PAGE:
The Red Sox' Daniel Nava had a hell of a season in 2013 but you may not have noticed. Nava didn't play every day, he didn’t blast a ton of homers, and he didn't steal a single base. 'But Ray, I thought you said that he had a hell of a season. How could he have if your second sentence is accurate?' Glad you asked (how weird is it when I quote people in a made up way? I've always been a bit of a free thinker so I'm gonna roll with it. It makes my point regardless, so it works). Let's delve in to Nava who must be a great guy considering that he was literally born about eight miles south of me (he has a great story you can read about too).
Nava hit .303 last season. That was the 8th best mark in the American League. Nava had a better mark than guys like Eric Hosmer (.302) and teammates Dustin Pedroia (.301) and Jacoby Ellsbury (.298). Were you aware of that?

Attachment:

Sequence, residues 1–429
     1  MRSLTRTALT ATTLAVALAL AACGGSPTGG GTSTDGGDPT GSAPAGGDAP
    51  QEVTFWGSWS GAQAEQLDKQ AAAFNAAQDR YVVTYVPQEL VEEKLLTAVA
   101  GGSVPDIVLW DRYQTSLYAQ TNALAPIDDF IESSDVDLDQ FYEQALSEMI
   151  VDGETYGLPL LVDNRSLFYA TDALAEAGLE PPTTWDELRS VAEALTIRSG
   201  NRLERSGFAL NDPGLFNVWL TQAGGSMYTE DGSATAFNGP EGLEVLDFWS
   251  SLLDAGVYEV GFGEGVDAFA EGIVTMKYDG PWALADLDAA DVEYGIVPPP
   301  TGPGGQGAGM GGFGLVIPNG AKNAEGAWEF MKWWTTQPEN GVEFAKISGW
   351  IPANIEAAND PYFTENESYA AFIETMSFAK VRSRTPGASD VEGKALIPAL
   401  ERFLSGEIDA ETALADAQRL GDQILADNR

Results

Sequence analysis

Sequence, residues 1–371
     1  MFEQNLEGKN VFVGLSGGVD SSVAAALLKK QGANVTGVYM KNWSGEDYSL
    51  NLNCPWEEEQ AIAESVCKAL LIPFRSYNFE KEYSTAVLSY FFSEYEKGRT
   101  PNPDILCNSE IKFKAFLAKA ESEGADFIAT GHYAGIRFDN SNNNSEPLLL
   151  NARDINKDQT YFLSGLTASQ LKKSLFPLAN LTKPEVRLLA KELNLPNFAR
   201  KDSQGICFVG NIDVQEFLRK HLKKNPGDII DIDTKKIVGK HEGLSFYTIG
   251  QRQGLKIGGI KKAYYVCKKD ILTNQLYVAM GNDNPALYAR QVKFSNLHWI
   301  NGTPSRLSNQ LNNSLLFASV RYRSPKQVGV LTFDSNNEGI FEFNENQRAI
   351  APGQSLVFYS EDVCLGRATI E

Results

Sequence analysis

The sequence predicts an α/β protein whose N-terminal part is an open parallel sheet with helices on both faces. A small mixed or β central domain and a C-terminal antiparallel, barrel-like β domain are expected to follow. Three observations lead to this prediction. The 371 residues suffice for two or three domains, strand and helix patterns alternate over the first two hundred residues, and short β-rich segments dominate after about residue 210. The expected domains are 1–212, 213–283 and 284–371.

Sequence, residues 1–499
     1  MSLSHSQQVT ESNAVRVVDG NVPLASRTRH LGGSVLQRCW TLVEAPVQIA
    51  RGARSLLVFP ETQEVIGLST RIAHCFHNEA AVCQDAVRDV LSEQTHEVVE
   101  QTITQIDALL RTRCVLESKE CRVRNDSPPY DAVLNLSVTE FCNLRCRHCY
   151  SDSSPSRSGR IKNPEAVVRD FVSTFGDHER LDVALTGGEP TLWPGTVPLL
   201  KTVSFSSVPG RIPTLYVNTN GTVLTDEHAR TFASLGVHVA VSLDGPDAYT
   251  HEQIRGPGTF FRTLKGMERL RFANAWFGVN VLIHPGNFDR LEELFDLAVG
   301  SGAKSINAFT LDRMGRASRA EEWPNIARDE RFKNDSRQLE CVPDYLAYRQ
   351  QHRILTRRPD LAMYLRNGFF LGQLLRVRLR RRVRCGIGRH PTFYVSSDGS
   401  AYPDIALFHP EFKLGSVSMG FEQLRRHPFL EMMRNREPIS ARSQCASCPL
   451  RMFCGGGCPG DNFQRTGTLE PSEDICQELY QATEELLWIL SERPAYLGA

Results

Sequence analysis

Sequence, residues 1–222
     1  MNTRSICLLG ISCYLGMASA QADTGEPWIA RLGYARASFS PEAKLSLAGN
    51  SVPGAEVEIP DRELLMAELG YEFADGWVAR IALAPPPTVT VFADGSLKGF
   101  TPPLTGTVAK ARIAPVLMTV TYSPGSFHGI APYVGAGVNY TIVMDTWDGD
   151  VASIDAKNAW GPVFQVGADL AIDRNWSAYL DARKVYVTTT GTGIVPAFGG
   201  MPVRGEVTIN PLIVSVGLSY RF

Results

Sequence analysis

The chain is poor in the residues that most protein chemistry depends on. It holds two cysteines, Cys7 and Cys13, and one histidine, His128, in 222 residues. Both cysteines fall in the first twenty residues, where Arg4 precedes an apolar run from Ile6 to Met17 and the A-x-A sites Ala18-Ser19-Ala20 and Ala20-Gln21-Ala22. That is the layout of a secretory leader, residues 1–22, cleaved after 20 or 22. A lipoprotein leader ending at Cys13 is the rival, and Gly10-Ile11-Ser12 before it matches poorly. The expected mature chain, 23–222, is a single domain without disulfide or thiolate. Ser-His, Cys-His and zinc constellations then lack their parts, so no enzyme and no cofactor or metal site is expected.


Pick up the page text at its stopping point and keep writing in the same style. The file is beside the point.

Nava had a .385 OBP last season. That was the 5th best mark in the American League. Nava had a better mark than guys like Robinson Cano (.383), Adrian Beltre (.371) and Chris Davis (.370). Were you aware of that?
Nava had an .831 OPS last season. That was 16th the best mark in the American League. Nava had a better mark than guys like Prince Fielder (.819), Jason Kipnis (.818) and Adam Jones (.811). Were you aware of that?
You had no idea he was as successful as he was last season. He wasn't just good he excelled. You're going to have to pay close attention to what follows in this report because you need to learn more about a guy who was such a healthy performer last season.
On the surface it appears that one of the reasons that Nava had so much success was that the Red Sox used him properly. By that I mean that they limited his work against lefties. Here are the splits that the switch hitter posted.
vs. lefties: .252/.311/.336
vs. righties: .322/.411/.484
Two things. He was an all-star caliber performer against righties which is a good thing since the vast majority of starters are right-handed. Second, this is a trend that has taken place for the duration of his career. Here are the splits from his 282 game big league career.
vs. lefties: .223/.307/.328
vs. righties: .292/.390/.443